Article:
S#*t Women Say–UAE Style

Facing cultural differences is one of the joys and challenges of expatriate life. It’s one of the reasons I enjoy living abroad. If I weren’t fascinated by different cultural practices, I would have stayed safely in the United States. Before traveling to a new country for a weekend visit, or two year contract, I do a bit of research in order to learn about my guest culture and to be as sensitive and educated as possible. However, I’ve learned the hard way, that no matter how many “Living and Working in (insert country here)” books I read, I can’t avoid the reality that I, as a foreigner, will frequently misread a situation completely or say something I later find out is culturally inappropriate. I’ve had to embrace the fact that my time abroad will be full of moments ranging from slightly awkward to completely mortifying. After the embarrassment is over, I have to hope that the experiences will make entertaining stories for others, or will at least result in some type of character development. One thing I’ve noticed is that some of the most surprising differences are the ones that jump at you when and where you least expect them.

I was born and raised in the Southern United States. Part of my heart will always remain in Atlanta, Georgia. Southern culture, like any culture, holds much to be proud of and much that could be improved on. Southern women in particular have a highly complex set of rules that we learn about navigating the social realm, and these rules make deep roots. One of the first lessons little Southern girls learn is the etiquette regarding comments on the appearance of others. We are rarely honest about appearance to a person’s face. If a woman gets a new haircut, we rave about how good she looks whether the style is red-carpet worthy, or could easily be mistaken for a stray poodle. New makeup? “Beautiful!” Neon orange spandex jumpsuit? “How flattering, girl!” “Don’t be silly, you don’t look fat in those skinny jeans.” Any negative comments, no matter well intended, are viewed as a deliberate insult, and usually result in hurt feelings, offense, or anger. If we detect a desire for a genuine opinion on something that looks bad, we can be honest, but we choose our words with the caution of a watchmaker unless the asker is a family member or extremely thick-skinned. Is this practice insincere? Maybe. Is it fake? Yeah, I guess so. Is it expected? Absolutely. It’s just the way we do things down South. It probably has a lot to do with our reputation for out-of-date hairstyles and fashion. No one has the heart to tell anyone how bad they look. Blame it on our blood—In the South, we just don’t like to hurt people’s feelings, at least when we are present to face the consequences.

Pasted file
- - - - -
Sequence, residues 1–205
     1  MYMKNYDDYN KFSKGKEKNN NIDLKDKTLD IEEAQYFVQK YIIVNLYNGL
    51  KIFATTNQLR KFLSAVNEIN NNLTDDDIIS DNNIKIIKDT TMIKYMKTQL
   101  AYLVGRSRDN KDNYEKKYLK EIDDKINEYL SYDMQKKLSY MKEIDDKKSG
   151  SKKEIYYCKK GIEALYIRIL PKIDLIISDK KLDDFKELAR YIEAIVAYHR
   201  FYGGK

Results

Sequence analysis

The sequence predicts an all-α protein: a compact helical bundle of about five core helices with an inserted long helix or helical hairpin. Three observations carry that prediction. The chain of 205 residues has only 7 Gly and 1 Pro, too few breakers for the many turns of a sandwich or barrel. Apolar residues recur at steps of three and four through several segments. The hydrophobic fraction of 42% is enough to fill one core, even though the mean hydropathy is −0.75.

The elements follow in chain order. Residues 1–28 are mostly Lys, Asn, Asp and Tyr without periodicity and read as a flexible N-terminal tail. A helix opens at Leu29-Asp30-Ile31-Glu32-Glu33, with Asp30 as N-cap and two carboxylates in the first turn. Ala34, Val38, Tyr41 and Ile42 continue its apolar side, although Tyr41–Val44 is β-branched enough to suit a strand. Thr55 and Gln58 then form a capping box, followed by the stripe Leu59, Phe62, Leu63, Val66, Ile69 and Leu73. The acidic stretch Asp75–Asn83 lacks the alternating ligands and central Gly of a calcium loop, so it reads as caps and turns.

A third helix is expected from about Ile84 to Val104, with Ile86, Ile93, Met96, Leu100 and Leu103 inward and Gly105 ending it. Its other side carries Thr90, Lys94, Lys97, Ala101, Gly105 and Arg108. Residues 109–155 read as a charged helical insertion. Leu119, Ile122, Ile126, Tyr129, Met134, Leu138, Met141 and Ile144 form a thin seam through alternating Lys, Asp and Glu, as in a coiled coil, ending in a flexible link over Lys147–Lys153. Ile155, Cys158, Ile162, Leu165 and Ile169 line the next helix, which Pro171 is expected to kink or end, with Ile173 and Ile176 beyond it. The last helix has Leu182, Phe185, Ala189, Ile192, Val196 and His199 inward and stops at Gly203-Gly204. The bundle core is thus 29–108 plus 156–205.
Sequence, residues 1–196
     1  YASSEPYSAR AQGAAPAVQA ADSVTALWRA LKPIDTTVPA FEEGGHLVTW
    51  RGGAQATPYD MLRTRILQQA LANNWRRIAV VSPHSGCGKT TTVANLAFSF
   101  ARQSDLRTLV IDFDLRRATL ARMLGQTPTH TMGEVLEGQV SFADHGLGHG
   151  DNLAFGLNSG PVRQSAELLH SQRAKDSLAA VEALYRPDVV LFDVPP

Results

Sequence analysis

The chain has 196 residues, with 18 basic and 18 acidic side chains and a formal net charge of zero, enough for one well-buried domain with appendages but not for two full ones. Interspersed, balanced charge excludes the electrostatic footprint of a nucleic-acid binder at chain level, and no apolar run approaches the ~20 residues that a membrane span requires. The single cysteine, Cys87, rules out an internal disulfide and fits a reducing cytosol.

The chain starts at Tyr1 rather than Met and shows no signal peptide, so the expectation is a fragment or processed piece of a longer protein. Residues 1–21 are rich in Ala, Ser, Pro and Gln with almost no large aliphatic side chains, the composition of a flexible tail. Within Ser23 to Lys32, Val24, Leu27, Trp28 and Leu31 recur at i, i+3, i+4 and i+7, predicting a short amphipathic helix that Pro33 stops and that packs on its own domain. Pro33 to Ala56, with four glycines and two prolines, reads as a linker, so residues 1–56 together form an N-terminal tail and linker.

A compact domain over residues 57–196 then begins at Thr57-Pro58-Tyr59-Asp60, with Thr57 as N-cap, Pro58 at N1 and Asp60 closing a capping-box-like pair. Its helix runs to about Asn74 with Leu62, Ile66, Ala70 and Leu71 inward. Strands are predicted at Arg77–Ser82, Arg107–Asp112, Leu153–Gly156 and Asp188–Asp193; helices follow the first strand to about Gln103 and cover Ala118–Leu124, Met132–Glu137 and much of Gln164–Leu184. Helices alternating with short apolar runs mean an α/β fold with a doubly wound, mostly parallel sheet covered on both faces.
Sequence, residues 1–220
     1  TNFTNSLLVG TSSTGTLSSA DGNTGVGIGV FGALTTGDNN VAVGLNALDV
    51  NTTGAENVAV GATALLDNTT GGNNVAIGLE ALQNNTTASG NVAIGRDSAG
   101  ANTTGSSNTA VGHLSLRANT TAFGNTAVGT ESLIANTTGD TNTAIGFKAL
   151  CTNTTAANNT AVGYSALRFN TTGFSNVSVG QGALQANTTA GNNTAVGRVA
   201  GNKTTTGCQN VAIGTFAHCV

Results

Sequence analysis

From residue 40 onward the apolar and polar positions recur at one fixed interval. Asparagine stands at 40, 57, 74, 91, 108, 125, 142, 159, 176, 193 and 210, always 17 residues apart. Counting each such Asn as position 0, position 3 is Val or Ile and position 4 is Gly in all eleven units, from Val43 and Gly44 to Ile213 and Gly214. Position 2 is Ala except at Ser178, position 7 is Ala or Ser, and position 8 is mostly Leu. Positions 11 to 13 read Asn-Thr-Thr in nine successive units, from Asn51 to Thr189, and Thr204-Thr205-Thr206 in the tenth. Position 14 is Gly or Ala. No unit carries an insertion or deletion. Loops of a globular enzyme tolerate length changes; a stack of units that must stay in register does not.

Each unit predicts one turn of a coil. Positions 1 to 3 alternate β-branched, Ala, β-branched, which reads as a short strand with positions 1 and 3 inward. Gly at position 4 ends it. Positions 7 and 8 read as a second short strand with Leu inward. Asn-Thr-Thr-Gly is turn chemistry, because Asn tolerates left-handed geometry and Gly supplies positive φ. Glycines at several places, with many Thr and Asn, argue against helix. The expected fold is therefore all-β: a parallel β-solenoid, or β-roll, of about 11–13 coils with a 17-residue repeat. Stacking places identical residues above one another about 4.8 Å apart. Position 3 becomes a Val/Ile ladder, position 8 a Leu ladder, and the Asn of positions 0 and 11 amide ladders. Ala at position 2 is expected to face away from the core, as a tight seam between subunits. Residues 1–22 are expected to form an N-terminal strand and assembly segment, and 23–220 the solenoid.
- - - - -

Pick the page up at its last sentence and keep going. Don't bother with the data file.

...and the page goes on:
(This lady is obviously Southern, or someone would have stopped her from going out like this.)

The negative side of this rule rears its ugly face the moment a woman leaves the room. Behind a person’s back, my Southern Sisters and I have free reign to think and speak freely, and speak freely we do. We focus on minute details you’d need a microscope to examine, and make comparisons and analogies worthy of a Pulitzer prize. Southern women can be extremely two-faced, and this can be very hurtful. However, since it follows the rules we learned as children, we are far more prepared to hear critiques of our appearance second-hand, than to our face.